According to Stephens, there are a few new lighting displays in the park this year, including a couple of bears flying a kite and a truck with a bucket on it to recognize the many people in the community who work the high lifts.

“We also redid a lot of our military displays that needed some work,” Stephens said. “I think we’re one of the few displays that has all five of the military crests that are there as a way to thank our service people.”

This season also brings some new entertainment groups to the Rotary Lights.

“We’ve added a great deal of entertainment that we haven’t had before,” said Stephens. “Usually we have high school, college and sometimes church groups that come down and entertain every night in the heated tent that’s down there, but this year we actually hired some professional musicians.”

Coming up on Monday, Dec. 11 and Tuesday, Dec. 12 are the Logan Middle School and high school music groups, A Note Above and the Tri-State Accordion Club. The full entertainment schedule can be found on the SSE Music website

Another highlight of the year is the Rotary Lights’ second annual teddy bear.

“We had our first teddy bear last year, which was kind of like a polar bear, and we decided to sell those to help out Wafer, which is the largest food pantry in the area,” Stephens said. “That went so well that this year we decided to have a second bear. The second bear is Buddy, and we’re doing that with the Boys and Girls Club. All of the proceeds will go to them to help with their nutrition and food program with the kids that they feed.”

According to the Rotary Lights website, Buddy the bear is available for purchase online or at the Rotary Lights gift shop along with the numerous other local retailers listed.

The Rotary Lights have a huge impact on the La Crosse community as a whole, but the Lights are also significant to the students of the University of Wisconsin-La Crosse. Over 30 UWL clubs and organizations participate in the Rotary Lights, but students also come to enjoy the event themselves.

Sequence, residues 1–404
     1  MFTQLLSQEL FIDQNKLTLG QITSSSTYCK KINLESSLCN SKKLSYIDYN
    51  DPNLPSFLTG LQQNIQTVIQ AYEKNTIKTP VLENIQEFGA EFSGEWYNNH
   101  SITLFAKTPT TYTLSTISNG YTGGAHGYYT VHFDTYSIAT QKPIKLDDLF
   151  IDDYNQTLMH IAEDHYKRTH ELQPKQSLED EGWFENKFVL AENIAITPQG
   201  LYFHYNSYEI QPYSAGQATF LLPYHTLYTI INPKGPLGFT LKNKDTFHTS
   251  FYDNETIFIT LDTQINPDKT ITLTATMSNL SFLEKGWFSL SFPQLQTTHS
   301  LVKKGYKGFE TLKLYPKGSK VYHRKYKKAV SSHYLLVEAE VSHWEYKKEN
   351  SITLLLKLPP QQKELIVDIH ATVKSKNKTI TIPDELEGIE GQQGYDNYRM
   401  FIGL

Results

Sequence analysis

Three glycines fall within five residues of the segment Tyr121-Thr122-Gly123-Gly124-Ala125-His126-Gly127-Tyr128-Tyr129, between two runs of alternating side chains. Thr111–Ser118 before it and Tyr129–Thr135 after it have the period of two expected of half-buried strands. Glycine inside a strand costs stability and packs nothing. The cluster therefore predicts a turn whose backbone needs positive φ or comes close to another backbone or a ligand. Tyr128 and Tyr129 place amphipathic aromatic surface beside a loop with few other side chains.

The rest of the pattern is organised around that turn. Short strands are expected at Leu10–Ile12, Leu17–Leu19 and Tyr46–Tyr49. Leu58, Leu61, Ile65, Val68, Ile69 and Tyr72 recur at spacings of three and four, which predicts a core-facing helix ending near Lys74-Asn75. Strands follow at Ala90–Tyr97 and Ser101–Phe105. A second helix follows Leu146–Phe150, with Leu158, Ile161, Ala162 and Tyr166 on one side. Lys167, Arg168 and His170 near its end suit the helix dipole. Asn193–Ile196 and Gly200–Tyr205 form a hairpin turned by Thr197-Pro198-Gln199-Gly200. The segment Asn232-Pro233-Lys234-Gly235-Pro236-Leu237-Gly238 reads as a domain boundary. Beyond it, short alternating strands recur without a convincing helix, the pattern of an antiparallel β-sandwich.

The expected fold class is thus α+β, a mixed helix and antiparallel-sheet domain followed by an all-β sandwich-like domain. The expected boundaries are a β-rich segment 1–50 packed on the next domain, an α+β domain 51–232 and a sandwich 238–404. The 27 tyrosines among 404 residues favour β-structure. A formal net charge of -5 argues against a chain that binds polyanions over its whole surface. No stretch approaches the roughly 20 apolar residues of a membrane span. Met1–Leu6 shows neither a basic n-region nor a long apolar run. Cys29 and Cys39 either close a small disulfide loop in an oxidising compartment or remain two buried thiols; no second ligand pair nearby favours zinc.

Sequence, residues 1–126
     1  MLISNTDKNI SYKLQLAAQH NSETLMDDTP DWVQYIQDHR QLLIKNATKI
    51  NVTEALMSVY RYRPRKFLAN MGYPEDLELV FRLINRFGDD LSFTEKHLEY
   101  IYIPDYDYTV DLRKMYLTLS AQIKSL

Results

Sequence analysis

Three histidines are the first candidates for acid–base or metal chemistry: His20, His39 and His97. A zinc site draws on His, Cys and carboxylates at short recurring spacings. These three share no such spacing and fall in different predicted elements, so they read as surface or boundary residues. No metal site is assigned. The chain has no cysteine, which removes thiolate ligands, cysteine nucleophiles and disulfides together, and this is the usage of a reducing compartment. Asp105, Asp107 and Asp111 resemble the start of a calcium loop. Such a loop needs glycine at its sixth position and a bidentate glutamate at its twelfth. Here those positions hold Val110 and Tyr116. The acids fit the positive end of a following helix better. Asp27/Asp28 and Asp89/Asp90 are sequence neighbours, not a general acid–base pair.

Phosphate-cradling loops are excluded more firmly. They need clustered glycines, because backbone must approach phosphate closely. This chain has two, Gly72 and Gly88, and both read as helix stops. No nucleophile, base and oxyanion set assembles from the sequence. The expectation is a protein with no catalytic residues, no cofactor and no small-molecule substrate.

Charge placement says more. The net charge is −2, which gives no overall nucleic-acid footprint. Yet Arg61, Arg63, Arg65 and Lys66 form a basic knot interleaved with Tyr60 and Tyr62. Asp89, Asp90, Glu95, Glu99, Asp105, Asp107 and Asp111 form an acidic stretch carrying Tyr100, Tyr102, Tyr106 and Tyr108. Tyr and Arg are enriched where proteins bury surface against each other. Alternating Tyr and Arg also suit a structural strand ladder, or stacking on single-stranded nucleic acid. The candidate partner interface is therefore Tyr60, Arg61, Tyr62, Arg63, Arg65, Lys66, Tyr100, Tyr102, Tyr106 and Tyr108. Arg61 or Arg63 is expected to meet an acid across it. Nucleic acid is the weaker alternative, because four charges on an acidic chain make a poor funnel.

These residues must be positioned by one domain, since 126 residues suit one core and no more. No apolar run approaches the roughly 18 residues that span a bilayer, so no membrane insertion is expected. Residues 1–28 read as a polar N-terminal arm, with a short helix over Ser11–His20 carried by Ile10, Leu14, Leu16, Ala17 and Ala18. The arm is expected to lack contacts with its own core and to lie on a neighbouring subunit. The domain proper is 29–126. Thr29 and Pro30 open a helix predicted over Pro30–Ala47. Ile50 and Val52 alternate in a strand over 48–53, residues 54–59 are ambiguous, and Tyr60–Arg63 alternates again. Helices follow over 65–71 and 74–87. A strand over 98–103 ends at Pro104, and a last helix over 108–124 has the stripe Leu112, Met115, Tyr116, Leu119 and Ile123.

UWL Student Micheal Stack said, “For me, it reminds me of back home in Oshkosh. We have a very similar tradition, and I would always go with my family, so it reminds me of being home, so a Christmas away from home.”

Jonalee Feller, another UWL student, spoke about the Rotary Light’s impact on the community. “I like being able to see how it brings the community together with the donation boxes and everything,” she said.

Stack added, “It’s cool getting away from campus and seeing everyone in the community regardless of if they’re a student at UWL or not.”

Community and family is at the heart of the Rotary Lights as they brighten up the holiday season year after year in La Crosse.

“The other night in the park there was a family of four that was sitting there roasting marshmallows and singing Christmas songs,” Stephens said. “That really is what the season is all about.”

The Rotary Lights are open from 5 p.m. to 10 p.m. from Nov. 24 through Dec. 31 with special holiday hours listed for Christmas Eve, Christmas Day and New Year’s Eve.

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About the Contributor
Trinity Rietmann, Photojournalist
  • Year at UWL: Junior
  • PGPs: she/her/hers
  • Hometown: Baraboo
  • Major: Art Education
  • Minor: Photography and Recreation Management
  • Other Campus Involvement: Women's Rugby Team
  • Future Plans after Graduation: Become an art teacher
  • Favorite activity in La Crosse: Hiking at the Bluffs